Drazan Gunjaca - Balkan Farewells



Balkan Farewells
- book on-line
- editor's note
- introduction
- review

- Balkan Farewells
- The Balkan Roulette
- The Shade of Reason
- Love as punishment
- Half-way o heaven
- Good night my friends
- Dreams have no price
- We are all brothers
The Balkan aquarelle



BALKAN FAREWELLS, 2nd edition, Pula, 2002

When I started reading Drazan Gunjaca's first published novel "Balkan Farewells", as its translator and the future editor I recalled an essay by the Italian psychologist and psychotherapist Giorgio Majorino entitled "Psychological effects of war" (Gli effetti psicologici della guera). It was because I saw Gunjaca's novel as a literary concretion of that emotional itinerary that war produces in people and that Majorino described in his essay from a psychological point of view. I point out that dimension of Gunjaca's novel on purpose, because it is its basic guideline. Although it is written in first person, clearly with a lot of autobiographical elements, that is not a novel about the narrator (Gunjaca or any other person) but about people who meet him or leave him, or both meet him and leave him because of war in a certain period in time. The narrator is only a connection between the numerous characters, indirect or direct. Therefore, it is not only a book about war, it is also about people whose fate was determined by the war.
Naturally, the principle chosen for its creation determined the linguistic and stylistic characteristics of the text. The first characteristic is directness: there is no affectation in Gunjaca's writing, as opposed to what we are used to with other modern writers, the language of the novel is the language of the reality described. That's why the novel is close to the American "hard boiled" minimalist stories of the end of the 1980-ies, although I'm convinced that any similarity is accidental, that is, there was no intention to get close to any genre. If we really need to define the novel we can say that it is a parable, but more about it later. On a semantic level the minimalist procedé implies a persistent, sometimes straightforward, sometimes covered, repetition of leitmotifs (a detachment from our own personality and fate) which will find their point in the closing chapter, conceived as a sort of parable which Gunjaca entrusts with the ethical message of his novel. Those repetitions are functional on the whole of the novel and create a background, depressing atmosphere in which the narrator and the characters live and which the reader can't help experiencing.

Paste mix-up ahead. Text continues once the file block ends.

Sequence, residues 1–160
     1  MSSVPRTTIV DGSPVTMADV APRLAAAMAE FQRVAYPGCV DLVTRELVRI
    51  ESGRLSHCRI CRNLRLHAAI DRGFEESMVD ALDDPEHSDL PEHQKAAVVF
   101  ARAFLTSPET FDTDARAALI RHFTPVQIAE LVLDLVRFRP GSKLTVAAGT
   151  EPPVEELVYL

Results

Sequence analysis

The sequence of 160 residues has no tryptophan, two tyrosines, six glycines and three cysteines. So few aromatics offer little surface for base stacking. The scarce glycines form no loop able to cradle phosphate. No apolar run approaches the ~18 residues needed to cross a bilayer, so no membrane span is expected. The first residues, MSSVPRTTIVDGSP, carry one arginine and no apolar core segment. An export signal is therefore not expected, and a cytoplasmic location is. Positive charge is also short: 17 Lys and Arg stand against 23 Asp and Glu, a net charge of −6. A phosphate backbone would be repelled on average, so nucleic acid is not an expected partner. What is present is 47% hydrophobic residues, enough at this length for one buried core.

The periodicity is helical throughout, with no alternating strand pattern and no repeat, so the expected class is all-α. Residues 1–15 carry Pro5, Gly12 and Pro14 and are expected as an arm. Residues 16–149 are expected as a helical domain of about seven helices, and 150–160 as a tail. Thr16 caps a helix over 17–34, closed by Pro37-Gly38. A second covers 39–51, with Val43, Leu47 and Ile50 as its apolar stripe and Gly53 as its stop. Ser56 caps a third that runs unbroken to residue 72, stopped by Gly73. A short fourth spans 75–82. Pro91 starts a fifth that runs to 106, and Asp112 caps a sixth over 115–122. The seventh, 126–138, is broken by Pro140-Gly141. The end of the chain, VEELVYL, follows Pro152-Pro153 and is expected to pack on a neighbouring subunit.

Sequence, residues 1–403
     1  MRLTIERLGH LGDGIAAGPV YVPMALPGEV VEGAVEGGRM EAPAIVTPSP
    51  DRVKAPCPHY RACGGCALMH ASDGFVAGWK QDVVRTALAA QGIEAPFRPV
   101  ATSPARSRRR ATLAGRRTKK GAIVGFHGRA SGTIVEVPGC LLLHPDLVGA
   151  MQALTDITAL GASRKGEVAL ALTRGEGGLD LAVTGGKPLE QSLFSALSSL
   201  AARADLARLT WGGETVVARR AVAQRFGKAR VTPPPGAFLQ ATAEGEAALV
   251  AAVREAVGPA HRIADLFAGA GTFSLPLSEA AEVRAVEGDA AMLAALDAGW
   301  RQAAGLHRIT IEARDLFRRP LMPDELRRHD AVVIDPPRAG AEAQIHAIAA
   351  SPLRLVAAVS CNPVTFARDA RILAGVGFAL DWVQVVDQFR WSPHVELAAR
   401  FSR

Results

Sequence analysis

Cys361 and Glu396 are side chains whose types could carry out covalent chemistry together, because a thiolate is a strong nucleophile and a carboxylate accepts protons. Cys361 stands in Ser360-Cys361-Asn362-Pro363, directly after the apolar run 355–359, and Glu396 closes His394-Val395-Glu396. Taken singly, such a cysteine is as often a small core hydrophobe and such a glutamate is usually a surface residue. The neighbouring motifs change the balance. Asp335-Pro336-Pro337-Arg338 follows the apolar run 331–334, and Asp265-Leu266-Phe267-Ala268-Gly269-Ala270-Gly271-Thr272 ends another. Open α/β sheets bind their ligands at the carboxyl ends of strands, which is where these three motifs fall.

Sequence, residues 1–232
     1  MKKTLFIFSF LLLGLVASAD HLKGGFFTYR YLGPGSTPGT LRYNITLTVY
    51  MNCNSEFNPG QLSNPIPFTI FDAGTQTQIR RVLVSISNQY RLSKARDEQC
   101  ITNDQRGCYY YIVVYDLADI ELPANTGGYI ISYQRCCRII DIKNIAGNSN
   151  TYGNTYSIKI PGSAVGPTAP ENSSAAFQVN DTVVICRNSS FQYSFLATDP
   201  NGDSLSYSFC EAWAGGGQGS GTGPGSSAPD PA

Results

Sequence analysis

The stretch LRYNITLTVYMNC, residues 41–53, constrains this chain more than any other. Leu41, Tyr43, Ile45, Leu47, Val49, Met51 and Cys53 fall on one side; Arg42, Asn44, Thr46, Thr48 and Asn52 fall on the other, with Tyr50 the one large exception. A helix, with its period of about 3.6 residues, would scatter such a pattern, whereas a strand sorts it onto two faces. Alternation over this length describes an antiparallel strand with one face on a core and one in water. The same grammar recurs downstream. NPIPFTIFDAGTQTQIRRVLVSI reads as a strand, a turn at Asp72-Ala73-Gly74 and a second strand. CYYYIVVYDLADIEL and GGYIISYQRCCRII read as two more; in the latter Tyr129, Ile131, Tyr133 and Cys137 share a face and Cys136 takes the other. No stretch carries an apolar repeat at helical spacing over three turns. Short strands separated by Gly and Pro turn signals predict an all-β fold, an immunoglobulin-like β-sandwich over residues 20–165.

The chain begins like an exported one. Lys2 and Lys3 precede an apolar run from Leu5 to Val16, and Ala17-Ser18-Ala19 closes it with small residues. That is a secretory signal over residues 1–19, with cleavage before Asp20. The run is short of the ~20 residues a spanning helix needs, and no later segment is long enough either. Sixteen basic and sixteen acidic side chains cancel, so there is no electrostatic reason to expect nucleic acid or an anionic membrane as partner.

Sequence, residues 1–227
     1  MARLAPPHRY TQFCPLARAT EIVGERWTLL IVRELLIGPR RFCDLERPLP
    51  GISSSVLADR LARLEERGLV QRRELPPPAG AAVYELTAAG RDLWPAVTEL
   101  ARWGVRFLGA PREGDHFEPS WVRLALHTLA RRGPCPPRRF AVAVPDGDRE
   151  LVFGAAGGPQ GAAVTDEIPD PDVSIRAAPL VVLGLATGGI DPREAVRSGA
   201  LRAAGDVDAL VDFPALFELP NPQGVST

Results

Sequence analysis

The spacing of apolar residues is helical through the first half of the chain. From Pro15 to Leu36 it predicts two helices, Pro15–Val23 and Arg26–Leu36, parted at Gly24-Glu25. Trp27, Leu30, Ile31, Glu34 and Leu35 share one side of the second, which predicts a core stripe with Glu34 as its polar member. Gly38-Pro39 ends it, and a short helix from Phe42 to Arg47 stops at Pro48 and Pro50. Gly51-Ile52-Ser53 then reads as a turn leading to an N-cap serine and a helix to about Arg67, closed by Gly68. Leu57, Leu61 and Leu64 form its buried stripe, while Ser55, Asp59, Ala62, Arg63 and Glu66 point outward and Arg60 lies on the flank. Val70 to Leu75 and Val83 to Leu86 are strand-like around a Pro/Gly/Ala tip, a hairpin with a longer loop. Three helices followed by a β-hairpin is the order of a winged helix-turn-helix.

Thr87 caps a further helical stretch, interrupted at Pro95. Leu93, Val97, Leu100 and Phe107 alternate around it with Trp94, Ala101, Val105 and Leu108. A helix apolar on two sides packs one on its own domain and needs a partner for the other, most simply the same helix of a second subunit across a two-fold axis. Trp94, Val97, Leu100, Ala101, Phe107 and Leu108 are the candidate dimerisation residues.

On a syntactical level the minimalist approach can be seen in the prevailing co-ordination, a preference for an inverted subordination and in the frequency of a parahypotactic construction of the sentence which adds a connotation of derangement to the mentioned depressing atmosphere.
On the lexical level, as much as the text may seem unpolished at first sight, the deeper we delve into the novel the clearer it is that there is a precisely planned construction to which Gunjaca leaves the most important of all tasks - to win over the reader and make him take the side of the tragic hero of the novel, Denis, who, in the narrative structure of the novel, is only a secondary character.
It is especially important to mention the mimetic value of this procedure: it gives Gunjaca the opportunity to transform the trivialities of everyday life into the "documentary" material of the novel not reducing it to the level of faction in the process. Although the novel is about real events and real people, Gunjaca is too aware in his writing to just tell the reader a "true story" thus emptying his parable of its universal exemplarity. On the contrary, he uses fictional elements to give his parable a referential value.
The result of that directness, forethought and awareness is the textual world of "Balkan Farewells": the readers may like it more or less, may not even like it at all, but shall certainly not remain indifferent to it.

Prof. mr. Srda Orbanic